Mysterious plasma waterfall seen on Sun; new CME sparks Solar storm WARNING for Earth
A mysterious plasma waterfall, also known as polar crown prominence, was seen on the Sun. Astronomers now expect another solar storm to strike the Earth tomorrow, March 12.
The magnetic filament seen at the equator on the Sun yesterday has released a coronal mass ejection (CME) cloud towards the Earth. Reports suggest that there is a likelihood that a major solar storm can strike our planet tomorrow, March 12, assisted by fast-moving solar winds. Forecasters believe that if this solar storm strikes the Earth, a big impact will be seen on the low-orbit satellites, which are mostly for weather monitoring. The Starlink satellites by SpaceX also fall in the same territory and it can affect these satellites as well. Additionally, the solar activity on the Sun continues as a 10000 kilometers high plasma waterfall like structure was seen on the Sun. Researchers call it polar crown prominence.
Dr. Tamitha Skov, space weather physicist and popularly known as 'Space Weather Woman', has given this week's solar storm prediction on Twitter. In her tweet, she said, “Learn what is waiting around the corner, including a new #solarstorm launch just today that might graze Earth in a few days”. She also revealed that currently there are eight sunspots active on the Earth-facing side of the Sun. This can lead to further solar storms in the coming days.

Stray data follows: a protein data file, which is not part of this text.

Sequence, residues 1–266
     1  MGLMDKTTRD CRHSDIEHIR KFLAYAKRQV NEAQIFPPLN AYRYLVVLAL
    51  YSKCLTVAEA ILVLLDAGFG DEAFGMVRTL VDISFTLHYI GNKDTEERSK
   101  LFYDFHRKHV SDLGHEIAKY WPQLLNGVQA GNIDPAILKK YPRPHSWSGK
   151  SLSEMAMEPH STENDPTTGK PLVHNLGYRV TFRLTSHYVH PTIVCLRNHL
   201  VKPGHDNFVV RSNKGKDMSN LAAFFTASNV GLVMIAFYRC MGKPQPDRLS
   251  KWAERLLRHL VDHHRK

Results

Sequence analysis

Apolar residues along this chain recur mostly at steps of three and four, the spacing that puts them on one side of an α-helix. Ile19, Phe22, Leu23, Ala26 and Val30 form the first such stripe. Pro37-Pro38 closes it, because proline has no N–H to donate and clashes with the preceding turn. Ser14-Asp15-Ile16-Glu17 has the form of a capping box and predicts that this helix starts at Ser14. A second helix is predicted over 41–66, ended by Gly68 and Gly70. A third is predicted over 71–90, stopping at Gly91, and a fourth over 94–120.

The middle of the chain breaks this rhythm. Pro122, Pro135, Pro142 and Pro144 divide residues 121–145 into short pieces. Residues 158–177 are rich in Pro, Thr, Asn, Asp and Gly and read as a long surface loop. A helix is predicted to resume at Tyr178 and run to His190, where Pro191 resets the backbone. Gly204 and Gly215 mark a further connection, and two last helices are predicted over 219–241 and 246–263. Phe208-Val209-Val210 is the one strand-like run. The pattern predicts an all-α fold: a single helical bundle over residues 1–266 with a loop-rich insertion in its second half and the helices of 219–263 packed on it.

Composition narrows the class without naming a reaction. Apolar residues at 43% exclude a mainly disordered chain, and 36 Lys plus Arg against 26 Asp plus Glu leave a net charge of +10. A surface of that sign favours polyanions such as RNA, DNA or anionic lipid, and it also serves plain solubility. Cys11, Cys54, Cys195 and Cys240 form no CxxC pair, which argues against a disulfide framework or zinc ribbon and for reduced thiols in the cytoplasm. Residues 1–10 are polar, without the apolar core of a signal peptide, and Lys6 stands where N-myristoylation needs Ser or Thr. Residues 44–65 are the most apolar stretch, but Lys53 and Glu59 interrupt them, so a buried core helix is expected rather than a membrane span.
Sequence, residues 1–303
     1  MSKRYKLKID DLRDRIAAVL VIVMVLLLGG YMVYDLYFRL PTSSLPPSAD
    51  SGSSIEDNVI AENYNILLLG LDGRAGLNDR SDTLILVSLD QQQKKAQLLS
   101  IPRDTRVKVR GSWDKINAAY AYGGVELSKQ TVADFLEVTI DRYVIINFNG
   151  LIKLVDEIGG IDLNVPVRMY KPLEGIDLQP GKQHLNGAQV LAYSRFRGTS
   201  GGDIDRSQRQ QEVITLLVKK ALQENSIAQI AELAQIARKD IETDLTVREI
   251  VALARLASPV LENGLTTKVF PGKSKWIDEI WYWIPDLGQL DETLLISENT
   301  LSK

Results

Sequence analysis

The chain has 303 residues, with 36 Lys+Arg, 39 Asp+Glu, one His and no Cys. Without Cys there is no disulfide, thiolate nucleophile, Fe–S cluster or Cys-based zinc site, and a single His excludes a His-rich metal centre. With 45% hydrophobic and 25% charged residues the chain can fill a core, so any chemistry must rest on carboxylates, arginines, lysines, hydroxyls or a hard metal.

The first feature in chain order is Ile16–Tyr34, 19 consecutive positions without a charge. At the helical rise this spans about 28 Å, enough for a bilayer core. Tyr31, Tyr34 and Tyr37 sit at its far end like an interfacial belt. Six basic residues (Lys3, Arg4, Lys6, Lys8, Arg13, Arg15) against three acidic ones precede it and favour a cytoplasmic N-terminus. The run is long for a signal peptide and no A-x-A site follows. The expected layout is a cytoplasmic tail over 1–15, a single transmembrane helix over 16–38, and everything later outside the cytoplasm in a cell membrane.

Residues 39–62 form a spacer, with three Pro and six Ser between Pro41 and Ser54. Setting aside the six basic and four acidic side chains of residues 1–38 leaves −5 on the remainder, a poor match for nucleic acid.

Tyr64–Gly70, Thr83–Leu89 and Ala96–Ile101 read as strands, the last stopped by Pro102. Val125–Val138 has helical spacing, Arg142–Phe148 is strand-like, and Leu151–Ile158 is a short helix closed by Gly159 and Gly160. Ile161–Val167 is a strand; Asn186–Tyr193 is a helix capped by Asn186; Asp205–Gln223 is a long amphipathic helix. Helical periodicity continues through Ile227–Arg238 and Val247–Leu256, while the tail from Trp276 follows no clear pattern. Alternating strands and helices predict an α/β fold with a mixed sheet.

Solar storm can strike the Earth tomorrow
In her forecast, Skov explained that tomorrow is the highest likelihood for a solar storm in the next 5 days, with a 30 percent chance for a major solar storm event. It should be noted that a major solar storm event is considered when a G2 or above category solar storm strikes the Earth. Reportedly, this incoming solar storm could be linked with the magnetic filament that was spotted yesterday near the equator of the Sun.
Sun goes berserk with a plasma waterfall
SpaceWeather.com, in a report, revealed that an Argentinian photographer spotted a huge plasma waterfall, rising 10000 kilometers above the surface, at the polar region of the Sun. These structures are called polar crown prominences and they are large enough to cover the Earth 10 times over. While these structures are not fully understood, they release what we know as fast-moving solar winds. These solar winds can increase the intensity of the solar storm that can strike the Earth tomorrow.
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